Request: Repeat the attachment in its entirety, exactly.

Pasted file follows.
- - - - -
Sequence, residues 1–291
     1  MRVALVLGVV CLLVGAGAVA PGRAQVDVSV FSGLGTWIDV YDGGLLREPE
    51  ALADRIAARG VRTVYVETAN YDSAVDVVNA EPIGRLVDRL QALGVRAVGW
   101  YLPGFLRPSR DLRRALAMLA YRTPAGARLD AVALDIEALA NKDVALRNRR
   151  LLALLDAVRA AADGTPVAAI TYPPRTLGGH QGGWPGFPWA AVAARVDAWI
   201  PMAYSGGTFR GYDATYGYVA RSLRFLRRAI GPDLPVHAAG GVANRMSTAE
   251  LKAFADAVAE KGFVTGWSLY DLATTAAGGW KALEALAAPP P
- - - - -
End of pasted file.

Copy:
Sequence, residues 1–291
     1  MRVALVLGVV CLLVGAGAVA PGRAQVDVSV FSGLGTWIDV YDGGLLREPE
    51  ALADRIAARG VRTVYVETAN YDSAVDVVNA EPIGRLVDRL QALGVRAVGW
   101  YLPGFLRPSR DLRRALAMLA YRTPAGARLD AVALDIEALA NKDVALRNRR
   151  LLALLDAVRA AADGTPVAAI TYPPRTLGGH QGGWPGFPWA AVAARVDAWI
   201  PMAYSGGTFR GYDATYGYVA RSLRFLRRAI GPDLPVHAAG GVANRMSTAE
   251  LKAFADAVAE KGFVTGWSLY DLATTAAGGW KALEALAAPP P